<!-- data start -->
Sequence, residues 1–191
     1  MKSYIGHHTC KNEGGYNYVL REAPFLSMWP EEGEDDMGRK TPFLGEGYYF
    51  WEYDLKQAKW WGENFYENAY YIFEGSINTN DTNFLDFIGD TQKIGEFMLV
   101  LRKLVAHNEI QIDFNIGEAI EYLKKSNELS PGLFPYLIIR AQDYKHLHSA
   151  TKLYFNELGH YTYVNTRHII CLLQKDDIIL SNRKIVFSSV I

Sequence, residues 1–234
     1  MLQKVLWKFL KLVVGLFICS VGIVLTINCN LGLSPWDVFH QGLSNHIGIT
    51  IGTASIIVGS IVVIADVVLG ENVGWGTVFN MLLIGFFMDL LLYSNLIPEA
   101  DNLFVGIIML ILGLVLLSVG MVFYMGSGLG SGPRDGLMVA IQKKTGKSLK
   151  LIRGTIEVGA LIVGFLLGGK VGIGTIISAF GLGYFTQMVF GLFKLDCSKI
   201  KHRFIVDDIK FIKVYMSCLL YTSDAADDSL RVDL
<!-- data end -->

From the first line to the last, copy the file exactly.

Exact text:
Sequence, residues 1–191
     1  MKSYIGHHTC KNEGGYNYVL REAPFLSMWP EEGEDDMGRK TPFLGEGYYF
    51  WEYDLKQAKW WGENFYENAY YIFEGSINTN DTNFLDFIGD TQKIGEFMLV
   101  LRKLVAHNEI QIDFNIGEAI EYLKKSNELS PGLFPYLIIR AQDYKHLHSA
   151  TKLYFNELGH YTYVNTRHII CLLQKDDIIL SNRKIVFSSV I

Sequence, residues 1–234
     1  MLQKVLWKFL KLVVGLFICS VGIVLTINCN LGLSPWDVFH QGLSNHIGIT
    51  IGTASIIVGS IVVIADVVLG ENVGWGTVFN MLLIGFFMDL LLYSNLIPEA
   101  DNLFVGIIML ILGLVLLSVG MVFYMGSGLG SGPRDGLMVA IQKKTGKSLK
   151  LIRGTIEVGA LIVGFLLGGK VGIGTIISAF GLGYFTQMVF GLFKLDCSKI
   201  KHRFIVDDIK FIKVYMSCLL YTSDAADDSL RVDL